Social Forces and Vulgar Libertarianism
Will Wilkinson makes an important observation about the affinity between libertarians and conservatives. At the heart of the fusionism between the two groups, he explains, is the notion of individual responsibility. Whereas libertarians and conservatives attribute success and failure to the personal strengths and flaws of individuals, liberals see a vast array of social forces, luck, and other things outside of the direct control of individuals as playing a more important role in the success or failure of individuals. Thus, for a liberal poverty is structural and for a libertarian or a conservative it is the result of human shortcomings.
I find all of this especially interesting because my own drift from right-leaning libertarian to libertarian-leaning liberal has a lot to do with issues around the conditions for robust agency and the role of broad socio-economic forces in establishing those conditions, or not. I’ve come to accept, for example, that diffuse cultural forces, such as racism or sexism or nationalism or intergenerational poverty, can deprive an individual of her rightful liberty without any single person doing anything to violate her basic rights. This takes me a long way toward standard liberalism. But I find that my gut nevertheless leans right on issues of personal responsibility.
I agree that many people are in dire straits and suffering for absolutely no fault of their own, and that policies ought to be in place to provide meaningful material assistance. Still, I find I want an ethos of effort and individual responsibility to prevail, and I continue to think people who chose their way into trouble need to be told exactly what Welch seems to be telling the OWS folk: we’re not going to feel too sorry for you if you made some bad decisions about taking out mortgages and/or student loans, even if everybody you knew was making them too.
I find the libertarian rejection of structural and broad social forces shaping success and failure peculiar. For one thing, the most valuable insights of libertarianism are bound quite closely to the idea that special interests work with government to distort the playing field and protect certain interests and people and corporations over others. The free market creates a more level playing field, ideally, that allows for fewer distortions of power and more equality of opportunity.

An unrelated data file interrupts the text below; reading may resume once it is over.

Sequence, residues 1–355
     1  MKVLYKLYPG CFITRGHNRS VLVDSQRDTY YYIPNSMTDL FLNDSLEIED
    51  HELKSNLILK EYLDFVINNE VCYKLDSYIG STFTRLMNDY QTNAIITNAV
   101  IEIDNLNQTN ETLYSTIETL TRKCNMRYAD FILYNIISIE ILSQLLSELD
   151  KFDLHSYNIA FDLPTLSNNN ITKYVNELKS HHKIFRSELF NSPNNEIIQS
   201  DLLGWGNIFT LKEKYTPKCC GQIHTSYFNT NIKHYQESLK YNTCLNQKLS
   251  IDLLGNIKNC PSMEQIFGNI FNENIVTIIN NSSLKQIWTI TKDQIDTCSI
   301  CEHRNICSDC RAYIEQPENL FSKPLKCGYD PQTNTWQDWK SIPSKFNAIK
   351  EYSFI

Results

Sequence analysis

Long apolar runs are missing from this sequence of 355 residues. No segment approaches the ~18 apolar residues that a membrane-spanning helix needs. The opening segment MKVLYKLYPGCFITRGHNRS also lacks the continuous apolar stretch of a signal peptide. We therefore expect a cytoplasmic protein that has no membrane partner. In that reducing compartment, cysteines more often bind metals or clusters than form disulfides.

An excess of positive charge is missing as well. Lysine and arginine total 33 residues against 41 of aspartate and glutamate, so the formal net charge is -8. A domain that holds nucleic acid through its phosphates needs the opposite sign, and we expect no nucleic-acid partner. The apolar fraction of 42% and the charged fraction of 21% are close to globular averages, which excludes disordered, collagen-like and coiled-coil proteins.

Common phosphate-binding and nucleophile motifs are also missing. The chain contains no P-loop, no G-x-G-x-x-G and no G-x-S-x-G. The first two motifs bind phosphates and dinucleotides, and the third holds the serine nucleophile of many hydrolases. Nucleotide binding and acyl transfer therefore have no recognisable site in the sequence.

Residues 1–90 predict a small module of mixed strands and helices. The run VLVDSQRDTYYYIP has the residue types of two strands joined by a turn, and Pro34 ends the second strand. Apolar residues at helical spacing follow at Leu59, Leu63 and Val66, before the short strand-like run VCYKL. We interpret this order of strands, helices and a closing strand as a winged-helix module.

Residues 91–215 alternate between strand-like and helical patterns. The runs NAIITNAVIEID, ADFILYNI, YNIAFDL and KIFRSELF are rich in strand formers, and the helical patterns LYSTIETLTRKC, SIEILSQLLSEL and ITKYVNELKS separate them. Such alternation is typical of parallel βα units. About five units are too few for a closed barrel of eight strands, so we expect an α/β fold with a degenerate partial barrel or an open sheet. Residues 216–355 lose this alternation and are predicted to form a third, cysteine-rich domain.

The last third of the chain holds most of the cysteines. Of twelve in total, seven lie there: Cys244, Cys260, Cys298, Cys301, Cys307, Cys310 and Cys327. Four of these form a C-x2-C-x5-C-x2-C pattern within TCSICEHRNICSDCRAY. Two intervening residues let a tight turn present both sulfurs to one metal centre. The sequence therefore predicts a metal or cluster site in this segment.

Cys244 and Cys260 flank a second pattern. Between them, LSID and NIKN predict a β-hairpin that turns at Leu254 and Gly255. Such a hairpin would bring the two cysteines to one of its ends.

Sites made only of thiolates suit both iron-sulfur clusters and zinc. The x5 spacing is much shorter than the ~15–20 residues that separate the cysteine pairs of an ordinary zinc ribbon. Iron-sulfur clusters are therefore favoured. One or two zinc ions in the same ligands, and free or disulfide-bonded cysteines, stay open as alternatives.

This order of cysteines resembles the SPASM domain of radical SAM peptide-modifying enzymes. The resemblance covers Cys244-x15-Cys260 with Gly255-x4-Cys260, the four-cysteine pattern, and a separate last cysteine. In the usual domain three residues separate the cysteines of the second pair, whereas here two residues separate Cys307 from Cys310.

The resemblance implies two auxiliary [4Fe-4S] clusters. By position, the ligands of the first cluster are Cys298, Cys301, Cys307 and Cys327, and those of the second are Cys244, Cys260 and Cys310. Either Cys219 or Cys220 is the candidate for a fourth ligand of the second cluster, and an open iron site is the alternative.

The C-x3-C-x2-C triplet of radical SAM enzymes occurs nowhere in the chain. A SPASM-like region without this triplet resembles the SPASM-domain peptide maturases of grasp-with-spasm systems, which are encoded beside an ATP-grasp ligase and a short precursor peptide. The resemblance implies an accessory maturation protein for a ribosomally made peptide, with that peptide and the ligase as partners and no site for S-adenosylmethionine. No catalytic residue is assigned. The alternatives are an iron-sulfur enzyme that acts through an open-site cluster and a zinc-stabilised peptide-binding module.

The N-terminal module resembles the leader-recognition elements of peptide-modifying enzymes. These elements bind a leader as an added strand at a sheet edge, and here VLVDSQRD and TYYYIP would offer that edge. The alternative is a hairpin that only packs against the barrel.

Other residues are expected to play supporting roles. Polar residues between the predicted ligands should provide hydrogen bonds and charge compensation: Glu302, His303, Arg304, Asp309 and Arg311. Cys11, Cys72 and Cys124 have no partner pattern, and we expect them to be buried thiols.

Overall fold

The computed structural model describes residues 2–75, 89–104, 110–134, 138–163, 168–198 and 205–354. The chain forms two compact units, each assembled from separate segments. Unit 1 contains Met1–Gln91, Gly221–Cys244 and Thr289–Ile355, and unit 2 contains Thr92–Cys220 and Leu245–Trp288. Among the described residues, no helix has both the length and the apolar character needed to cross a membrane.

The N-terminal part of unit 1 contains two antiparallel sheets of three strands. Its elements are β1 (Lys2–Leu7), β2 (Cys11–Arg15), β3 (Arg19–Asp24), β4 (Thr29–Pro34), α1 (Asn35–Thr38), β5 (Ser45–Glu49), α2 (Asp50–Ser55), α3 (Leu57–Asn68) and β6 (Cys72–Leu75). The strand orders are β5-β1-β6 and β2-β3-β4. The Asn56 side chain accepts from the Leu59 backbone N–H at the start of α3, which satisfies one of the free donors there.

And yet many libertarians only take that critique so far, and at the end of the day we find ourselves still with a discussion about winners and losers. It doesn’t make sense to craft a broad social critique of the state and its interactions with society and then turn around and pretend those factors play no role in the success or failure of you and me. This is what Kevin Carson describes as “vulgar libertarianism.”
As Will notes, “A politics of nothing but individual rights in a world dominated by social forces is a recipe for domination by those sufficiently powerful or organized to shape those forces.”
Too true. And yet his other observation is equally true: a politics that blames everything on social forces outside of our control is a politics that denies self-reliance, individuality, and eventually plunges us into an apathetic, insincere politics of social despondency.
Fortunately, I don’t think that strain of thought exists in anywhere near so broad a constituency as the winners-vs-losers brand of rugged individualism does on the right. Most liberals, I believe, understand the importance of self-reliance, hard work, and making the crutches of the state as unnecessary as possible. Are there anti-growth, anti-market forces at work on the left? Of course there are. But these tend to have a very small influence over public policy.
Meanwhile, the goal of libertarian-leaning liberals everywhere should be making markets work for ordinary people. To do that you need to couple free markets with a strong, efficient safety net that rewards risk and hard work but doesn’t let people fall through the cracks. A market-based, bottom-up liberalism should still embrace the reality that market failure is both necessary and causes a great deal of pain. The role of the state is ameliorating that pain for ordinary workers – not bailing out or protecting the wealthy and well-connected.